From sustainable energy to quantum computers: high-temperature superconductors have the potential to revolutionize modern technology.
Higgs spectroscopy can cause water absorption areas because it shows the dynamics of electron pairs in superconductors.
It is noteworthy that dynamics also exhibit typical precursors for superconductivity, even above the critical temperature at which the material under investigation reaches superconductivity.
Superconductors transport electricity without losing energy. Using it can dramatically reduce our energy needs – unless superconductivity requires temperatures of -140 degrees Celsius and below. Materials only “include” their superconductivity below this point.
Higgs spectroscopy allows new insights into high-temperature superconductivity
“Higgs spectroscopy offers us an entirely new magnifying glass to examine physical processes,” Dr. Jan-Christoph Dainer.
Researchers at the Radiation Physics Institute at HZDR are working on new methods together with colleagues from MPI-FKF, universities in Stuttgart and Tokyo and other international research institutes.
Scientists want to find out how electrons form pairs in high-temperature superconductors.
In superconductivity, electrons combine to form Cooper pairs so that they can move through paired matter without interacting with the medium.
There is a physical explanation for conventional superconductors: “Electrons are paired due to crystal lattice vibrations,” explained Prof. Stefan Kaiser, one of the main authors of this research, who studies superconductor dynamics at MPI-FKF and Stuttgart University.
“One hypothesis is that this pair is caused by fluctuating rotations, namely magnetic interactions,” Kaiser explained. “But the key question is: Can it directly affect superconductivity and, in particular, the properties of Cooper pairs be measured?”
However, such a single pulse is not enough for high-temperature superconductors, because the system is too much damped by interactions between superconductors and non-conductor conductors and complex symmetry of stacking parameters.
The terahertz light source keeps the system vibrating
Thanks to the Higgs spectroscopy, a research consortium led by MPI-FKF and HZDR achieved an experimental breakthrough for high-temperature superconductors.
The trick is to use a very strong, multicyclic terahertz pulse that optimally matches the Higgs vibration and can withstand it despite damping factors – which continually create a metaphorical pendulum.
With a highly efficient terahertz light source, TELBE at HZDR, the researchers can send 100,000 pulses per second through samples.
“Our source is unique in the world because of its high intensity in the terahertz range, combined with a very high repetition rate,” explained Dainer. “We can now selectively control the Higgs vibrations and measure them.”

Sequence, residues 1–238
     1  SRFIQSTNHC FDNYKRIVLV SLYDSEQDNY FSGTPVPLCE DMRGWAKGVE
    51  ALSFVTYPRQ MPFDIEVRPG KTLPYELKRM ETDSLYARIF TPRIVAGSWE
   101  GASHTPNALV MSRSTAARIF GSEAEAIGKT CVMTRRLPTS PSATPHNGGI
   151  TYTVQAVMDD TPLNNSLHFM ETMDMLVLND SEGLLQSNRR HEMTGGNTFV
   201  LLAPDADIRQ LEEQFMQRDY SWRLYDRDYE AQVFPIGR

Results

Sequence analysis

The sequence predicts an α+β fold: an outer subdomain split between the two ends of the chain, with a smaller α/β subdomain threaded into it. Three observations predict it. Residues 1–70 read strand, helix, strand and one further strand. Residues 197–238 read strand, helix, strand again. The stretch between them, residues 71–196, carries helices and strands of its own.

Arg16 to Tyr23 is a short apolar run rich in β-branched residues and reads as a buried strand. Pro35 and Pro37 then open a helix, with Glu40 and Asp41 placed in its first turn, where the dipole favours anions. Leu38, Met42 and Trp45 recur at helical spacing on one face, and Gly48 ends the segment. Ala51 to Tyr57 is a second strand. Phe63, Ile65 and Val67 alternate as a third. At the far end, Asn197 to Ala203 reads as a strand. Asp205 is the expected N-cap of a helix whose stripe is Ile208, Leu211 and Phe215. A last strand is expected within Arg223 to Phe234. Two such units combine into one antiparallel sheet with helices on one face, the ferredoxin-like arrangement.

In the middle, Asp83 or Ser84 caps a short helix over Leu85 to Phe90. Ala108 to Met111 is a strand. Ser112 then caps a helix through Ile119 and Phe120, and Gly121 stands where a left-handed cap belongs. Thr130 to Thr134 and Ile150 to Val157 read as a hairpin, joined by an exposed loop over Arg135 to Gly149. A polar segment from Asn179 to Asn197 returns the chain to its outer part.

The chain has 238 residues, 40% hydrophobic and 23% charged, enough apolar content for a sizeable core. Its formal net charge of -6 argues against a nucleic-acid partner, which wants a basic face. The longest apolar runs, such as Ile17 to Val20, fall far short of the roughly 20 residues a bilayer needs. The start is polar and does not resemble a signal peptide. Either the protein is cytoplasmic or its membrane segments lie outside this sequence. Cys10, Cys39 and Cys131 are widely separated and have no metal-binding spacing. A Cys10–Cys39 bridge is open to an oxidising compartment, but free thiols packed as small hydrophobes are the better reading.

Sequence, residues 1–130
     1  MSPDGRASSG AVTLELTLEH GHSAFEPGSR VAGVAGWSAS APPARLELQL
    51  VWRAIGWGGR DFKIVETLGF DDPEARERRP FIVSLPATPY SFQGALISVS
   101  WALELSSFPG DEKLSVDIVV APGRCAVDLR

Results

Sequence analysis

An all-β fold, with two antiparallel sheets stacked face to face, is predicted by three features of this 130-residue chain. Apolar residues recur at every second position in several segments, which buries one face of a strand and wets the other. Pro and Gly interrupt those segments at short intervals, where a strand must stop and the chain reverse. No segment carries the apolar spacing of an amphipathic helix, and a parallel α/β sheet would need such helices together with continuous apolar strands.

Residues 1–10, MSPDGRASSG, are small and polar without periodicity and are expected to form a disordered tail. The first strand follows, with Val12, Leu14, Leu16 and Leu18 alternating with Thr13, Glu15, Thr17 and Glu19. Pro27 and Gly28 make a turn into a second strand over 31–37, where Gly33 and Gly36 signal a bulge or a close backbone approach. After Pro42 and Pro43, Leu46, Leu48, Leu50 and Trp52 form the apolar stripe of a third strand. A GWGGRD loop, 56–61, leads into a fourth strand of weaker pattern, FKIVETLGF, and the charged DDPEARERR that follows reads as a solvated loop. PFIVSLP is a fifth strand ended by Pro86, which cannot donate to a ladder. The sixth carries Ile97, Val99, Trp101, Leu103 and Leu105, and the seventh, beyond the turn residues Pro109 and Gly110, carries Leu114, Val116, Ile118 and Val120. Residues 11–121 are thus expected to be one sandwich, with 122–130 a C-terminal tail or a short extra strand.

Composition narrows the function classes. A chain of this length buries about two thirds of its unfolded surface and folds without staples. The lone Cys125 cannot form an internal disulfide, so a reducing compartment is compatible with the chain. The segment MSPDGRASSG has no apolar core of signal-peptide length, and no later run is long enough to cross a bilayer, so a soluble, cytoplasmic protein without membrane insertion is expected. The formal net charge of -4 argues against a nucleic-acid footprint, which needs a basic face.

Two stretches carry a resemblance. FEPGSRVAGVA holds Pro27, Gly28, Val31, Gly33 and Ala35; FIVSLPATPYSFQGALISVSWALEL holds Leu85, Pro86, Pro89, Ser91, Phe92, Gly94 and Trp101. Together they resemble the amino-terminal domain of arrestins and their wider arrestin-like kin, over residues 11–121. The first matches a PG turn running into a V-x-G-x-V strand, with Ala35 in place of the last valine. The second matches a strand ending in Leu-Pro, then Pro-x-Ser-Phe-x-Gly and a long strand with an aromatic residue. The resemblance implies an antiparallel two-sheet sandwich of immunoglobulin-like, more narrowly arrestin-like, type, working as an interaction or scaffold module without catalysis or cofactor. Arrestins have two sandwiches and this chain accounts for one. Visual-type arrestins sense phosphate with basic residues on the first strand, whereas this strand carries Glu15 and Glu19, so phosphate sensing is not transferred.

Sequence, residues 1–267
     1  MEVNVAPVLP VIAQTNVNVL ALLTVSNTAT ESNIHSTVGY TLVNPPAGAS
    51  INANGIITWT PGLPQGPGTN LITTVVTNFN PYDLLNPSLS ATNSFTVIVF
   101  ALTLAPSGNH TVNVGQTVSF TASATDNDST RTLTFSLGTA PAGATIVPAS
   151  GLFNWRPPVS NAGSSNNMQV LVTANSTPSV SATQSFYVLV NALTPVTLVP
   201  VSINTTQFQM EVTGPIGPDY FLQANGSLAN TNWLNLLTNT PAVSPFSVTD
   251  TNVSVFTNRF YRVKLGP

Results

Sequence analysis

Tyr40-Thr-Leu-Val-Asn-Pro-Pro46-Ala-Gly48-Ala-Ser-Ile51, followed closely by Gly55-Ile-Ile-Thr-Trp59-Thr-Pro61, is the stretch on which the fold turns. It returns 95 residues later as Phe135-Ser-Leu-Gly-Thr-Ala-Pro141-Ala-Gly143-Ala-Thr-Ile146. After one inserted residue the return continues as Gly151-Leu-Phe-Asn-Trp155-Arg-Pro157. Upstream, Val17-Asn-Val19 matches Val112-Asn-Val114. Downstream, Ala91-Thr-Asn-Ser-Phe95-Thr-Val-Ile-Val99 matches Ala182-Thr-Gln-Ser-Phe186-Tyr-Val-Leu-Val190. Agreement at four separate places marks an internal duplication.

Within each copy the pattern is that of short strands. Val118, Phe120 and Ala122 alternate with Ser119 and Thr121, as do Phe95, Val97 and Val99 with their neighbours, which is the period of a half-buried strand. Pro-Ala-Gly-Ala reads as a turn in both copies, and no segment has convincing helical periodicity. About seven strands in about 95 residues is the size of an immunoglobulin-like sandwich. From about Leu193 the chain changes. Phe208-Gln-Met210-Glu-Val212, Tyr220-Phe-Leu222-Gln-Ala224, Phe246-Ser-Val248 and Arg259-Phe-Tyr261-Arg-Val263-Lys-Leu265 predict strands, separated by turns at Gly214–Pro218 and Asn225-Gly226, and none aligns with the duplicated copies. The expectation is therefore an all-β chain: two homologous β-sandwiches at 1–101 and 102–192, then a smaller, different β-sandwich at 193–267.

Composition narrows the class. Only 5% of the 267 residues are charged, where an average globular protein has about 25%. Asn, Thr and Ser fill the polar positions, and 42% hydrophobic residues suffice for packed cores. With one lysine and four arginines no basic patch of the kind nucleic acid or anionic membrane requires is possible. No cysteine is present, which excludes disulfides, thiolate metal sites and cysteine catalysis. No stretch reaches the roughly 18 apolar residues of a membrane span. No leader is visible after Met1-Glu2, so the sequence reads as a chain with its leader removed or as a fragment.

“Experiments are very important for scientific applications from large research institutions in general. They show that high-performance terachet sources such as TELBE can conduct complex research using nonlinear terahertz spectroscopy on complex sample sets, for example cuprate.”
For this reason, the research team expects high demand in the future: “Higgs spectroscopy as a methodical approach opens up entirely new possibilities,” explained Dr. Hao Chu, lead author of the study and postdoctoral colleague at UBC Max Planck UTokyo Center for Quantum Materials.
“This is the starting point for a series of experiments that provide new insights about these complex materials. Now we can take a very systematic approach.”
By doing a series of measurements, the researchers were initially able to show that their method worked for typical cuprates. Under the critical temperature, the research team not only succeeded in stimulating the Higgs vibration, but also to prove that the new excitation unconsciously interacts with the Higgs vibration from the Cooper pair.
In addition, the researchers saw evidence that the Cooper pair could form above critical temperatures, though without hesitation. Other previous measurement methods suggest the possibility of the initial installation.
Higgs spectroscopy can support this hypothesis and explain when and how pairs are formed and why they vibrate together in superconductors.
Reference: H. Chu, M.-J. Kim, K. Katsumi, S. Kovalev, R. D. Dawson, L. Schwarz, N. Yoshikawa, G. Kim, D. Putzky, Z. Z. Li, H. Raffy, S. Germanskiy, J.-C. Deinert, N. Awari, I. Ilyakov, B. Green, M. Chen, M. Bawatna, G. Cristiani, G. Logvenov, Y. Gallais, A. V. Boris, B. Keimer, A. P. Schnyder, D. Manske, M. Gensch, Z. Wang, R. Shimano, S. Kaiser: Phase-resolved Higgs response in superconducting cuprates, in Nature Communications, 2020 (DOI: 10.1038/s41467-020-15613-1)